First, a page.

Protesters carrying coffins ask Dallas Cowboys owner to join social injustice movement

By Star-Telegram

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Dr. Pamela Grayson raises her fist as “Young King” Solomon Grayson, 6, peaks behind her sign during a Mothers Against Police Brutality candlelight vigil for Botham Jean at the Jack Evans Police Headquarters on Friday, Sept. 7, 2018, in Dallas.  (Shaban Athuman/The Dallas Morning News via AP)

(STAR-TELEGRAM) — About 100 people gathered at the Tom Landry statue outside of AT&T Stadium on Sunday to protest the police shooting deaths earlier this month of men in Arlington and Dallas and asked Cowboys owner Jerry Jones to join their movement.

The pastor-lead protest, which included Frederick Haynes, pastor of Friendship West Baptist Church, and Lee Merritt, the attorney for the family of Botham Jean, led a procession that included two hearses and caskets down Randoll Mill Road from east of Globe Life Park to one of the main points of entry for the Dallas Cowboys game Sunday night.

The mock funeral procession represented the two slain men, Oshae Terry, 24, and Jean, 26.

Haynes, who led a similar demonstration before a Cowboys game last fall, invoked Cowboys’ quarterback Dak Prescott, who said during training camp that NFL games were the wrong venue to engage in social injustice activism.

Activists carry coffins to Dallas Cowboys game to protest fatal police shooting of Botham Jean – theGrio

“Mr. Jerry Jones has made a statement that he wants the Cowboys not to protest injustice. He wants the Cowboys to have their toes on the line [for the anthem],” Haynes said. “Mr. Jones, you’re the owner of America’s team, we want you to stand for what America stands for because there is something in that pledge of allegiance that says ‘one nation under God, indivisible, with liberty and justice for all.’ ”

Haynes called on Jones to help the social injustice cause since he has forbidden his players from kneeling during the anthem. After his remarks, the group took a knee in solidarity with NFL players who have knelt during the anthem as a way of shining a light on social injustice.

“Since you told your players they cannot protest, use your platform now to speak out against this vile and vicious murder that took place,” he said. “Let us know that you’re not just concerned about making money with black bodies, but you’re concerned about the safety of all black bodies. Because guess what? We are Americans as well.”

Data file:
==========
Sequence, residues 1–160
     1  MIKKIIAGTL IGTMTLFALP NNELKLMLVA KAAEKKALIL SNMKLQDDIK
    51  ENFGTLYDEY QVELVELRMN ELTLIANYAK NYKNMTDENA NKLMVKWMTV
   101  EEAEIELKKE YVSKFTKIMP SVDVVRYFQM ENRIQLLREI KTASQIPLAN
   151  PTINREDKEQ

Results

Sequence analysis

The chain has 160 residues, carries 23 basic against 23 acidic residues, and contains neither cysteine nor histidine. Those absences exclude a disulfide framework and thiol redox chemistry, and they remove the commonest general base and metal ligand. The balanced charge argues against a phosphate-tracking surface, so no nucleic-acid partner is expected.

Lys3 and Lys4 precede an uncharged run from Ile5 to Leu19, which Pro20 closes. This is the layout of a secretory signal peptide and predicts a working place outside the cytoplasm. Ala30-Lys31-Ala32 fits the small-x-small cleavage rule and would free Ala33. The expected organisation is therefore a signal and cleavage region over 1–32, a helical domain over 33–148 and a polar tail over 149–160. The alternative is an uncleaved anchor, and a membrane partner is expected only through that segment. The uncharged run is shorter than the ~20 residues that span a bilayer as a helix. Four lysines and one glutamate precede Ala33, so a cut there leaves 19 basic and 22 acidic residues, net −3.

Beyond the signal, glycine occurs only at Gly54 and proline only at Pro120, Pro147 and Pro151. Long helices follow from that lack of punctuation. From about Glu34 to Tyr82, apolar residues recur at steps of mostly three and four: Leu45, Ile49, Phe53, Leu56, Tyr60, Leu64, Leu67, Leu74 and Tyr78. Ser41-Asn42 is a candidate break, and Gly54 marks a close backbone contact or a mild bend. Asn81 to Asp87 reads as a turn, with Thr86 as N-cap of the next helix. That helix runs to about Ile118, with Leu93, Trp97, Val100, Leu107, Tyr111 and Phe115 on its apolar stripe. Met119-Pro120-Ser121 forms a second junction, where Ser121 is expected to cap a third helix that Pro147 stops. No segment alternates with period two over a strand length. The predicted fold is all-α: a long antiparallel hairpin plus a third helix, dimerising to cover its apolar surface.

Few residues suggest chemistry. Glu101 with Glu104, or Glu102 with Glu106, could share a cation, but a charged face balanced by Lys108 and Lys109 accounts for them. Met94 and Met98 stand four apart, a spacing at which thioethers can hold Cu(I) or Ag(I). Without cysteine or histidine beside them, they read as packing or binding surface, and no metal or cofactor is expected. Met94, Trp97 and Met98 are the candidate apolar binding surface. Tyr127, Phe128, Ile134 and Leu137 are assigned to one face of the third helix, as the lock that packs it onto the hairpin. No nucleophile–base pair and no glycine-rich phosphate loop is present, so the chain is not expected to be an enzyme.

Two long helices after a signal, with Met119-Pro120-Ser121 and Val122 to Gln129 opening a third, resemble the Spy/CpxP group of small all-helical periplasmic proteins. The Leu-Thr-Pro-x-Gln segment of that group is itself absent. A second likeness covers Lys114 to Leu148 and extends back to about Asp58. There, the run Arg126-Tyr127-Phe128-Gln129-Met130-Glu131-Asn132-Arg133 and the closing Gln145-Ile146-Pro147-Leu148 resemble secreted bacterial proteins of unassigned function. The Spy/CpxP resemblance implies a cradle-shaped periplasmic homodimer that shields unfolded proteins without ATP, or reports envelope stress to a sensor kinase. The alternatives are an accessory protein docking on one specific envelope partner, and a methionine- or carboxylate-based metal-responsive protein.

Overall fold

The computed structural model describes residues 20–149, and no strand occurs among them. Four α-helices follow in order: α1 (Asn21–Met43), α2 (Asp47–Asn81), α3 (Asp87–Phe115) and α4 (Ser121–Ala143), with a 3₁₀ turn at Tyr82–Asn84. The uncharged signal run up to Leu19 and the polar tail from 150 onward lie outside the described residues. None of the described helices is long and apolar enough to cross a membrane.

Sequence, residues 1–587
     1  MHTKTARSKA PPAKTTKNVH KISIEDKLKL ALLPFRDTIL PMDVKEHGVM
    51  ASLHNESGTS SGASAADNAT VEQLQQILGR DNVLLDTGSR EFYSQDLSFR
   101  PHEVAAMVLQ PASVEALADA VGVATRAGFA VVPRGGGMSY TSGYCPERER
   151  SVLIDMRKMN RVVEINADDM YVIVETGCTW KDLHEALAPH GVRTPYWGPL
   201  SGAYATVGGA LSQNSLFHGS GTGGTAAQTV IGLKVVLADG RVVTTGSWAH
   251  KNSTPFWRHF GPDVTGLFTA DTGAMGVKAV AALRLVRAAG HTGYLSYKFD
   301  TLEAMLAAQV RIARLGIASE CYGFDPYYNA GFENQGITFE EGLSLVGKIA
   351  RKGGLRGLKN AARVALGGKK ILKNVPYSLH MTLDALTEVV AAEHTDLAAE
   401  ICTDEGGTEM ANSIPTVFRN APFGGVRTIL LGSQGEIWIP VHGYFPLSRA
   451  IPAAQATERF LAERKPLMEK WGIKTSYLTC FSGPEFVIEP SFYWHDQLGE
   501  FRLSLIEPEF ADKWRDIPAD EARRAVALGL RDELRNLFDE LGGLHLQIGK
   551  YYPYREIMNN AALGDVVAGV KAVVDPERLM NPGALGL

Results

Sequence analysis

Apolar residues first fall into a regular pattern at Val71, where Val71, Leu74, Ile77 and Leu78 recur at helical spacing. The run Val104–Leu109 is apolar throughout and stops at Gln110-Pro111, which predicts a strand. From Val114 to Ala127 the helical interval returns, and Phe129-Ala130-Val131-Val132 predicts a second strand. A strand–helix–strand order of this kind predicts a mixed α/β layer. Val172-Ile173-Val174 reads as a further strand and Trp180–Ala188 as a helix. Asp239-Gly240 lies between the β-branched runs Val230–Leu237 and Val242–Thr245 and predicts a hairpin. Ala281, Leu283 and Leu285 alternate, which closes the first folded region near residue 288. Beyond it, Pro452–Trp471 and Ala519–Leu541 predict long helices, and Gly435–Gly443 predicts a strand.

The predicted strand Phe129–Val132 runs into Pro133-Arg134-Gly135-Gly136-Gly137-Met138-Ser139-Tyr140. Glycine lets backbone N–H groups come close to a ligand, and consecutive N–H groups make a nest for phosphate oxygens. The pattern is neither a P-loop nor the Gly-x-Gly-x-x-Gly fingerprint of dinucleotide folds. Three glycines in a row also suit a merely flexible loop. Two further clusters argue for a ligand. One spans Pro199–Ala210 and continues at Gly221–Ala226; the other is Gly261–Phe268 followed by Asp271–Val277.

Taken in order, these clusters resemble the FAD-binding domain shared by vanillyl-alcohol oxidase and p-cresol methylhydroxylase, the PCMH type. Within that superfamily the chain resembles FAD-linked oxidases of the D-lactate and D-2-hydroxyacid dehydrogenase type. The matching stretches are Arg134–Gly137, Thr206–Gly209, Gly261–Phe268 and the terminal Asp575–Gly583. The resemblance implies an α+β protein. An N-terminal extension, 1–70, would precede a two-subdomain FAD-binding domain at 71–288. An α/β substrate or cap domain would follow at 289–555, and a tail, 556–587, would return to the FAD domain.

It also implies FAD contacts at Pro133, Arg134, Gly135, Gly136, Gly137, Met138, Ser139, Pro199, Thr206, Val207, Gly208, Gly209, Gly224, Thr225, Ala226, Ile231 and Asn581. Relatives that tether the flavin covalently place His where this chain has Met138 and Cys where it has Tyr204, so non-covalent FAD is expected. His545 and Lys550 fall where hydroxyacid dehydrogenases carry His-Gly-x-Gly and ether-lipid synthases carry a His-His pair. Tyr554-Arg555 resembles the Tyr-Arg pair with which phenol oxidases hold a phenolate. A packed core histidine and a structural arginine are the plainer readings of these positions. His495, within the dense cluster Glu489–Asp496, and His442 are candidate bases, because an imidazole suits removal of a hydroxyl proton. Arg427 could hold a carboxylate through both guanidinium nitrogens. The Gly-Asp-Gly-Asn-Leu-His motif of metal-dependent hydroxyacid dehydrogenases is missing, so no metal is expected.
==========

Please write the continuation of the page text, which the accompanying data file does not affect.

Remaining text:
Terry, 24, was shot by an Arlington police offer Sept. 1 as he driving away from a traffic stop. Jean, 26, was fatally shot Sept. 6 in his apartment by a off-duty Dallas police officer who mistakenly thought she had entered her own apartment and had encountered an intruder.

The group called on Dallas police officer Amber Guyger to be fired immediately and for the Dallas district attorney to charge Guyger with murder, not manslaughter.

“Manslaughter is an insult, not only to his legacy, but an insult to what happened that night,” Haynes said. “We’re calling for the Dallas police department to do everything that they need to do to reform that police department.”

Haynes thanked the Arlington police department for helping the group pull off the protest peacefully. The demonstration near the Landry statue lasted less than 30 minutes before the group marched back to their buses near Globe Life Park.

Merritt said the stadium was appropriate because NFL players began protesting police brutality by kneeling during the national anthem but their efforts were stopped by Jones and the Cowboys.

“This is not the first time we’ve had a tragic murder to take place, but the good news is we do believe in a God who is able to transform tragic murders into transformational movements,” Haynes said.

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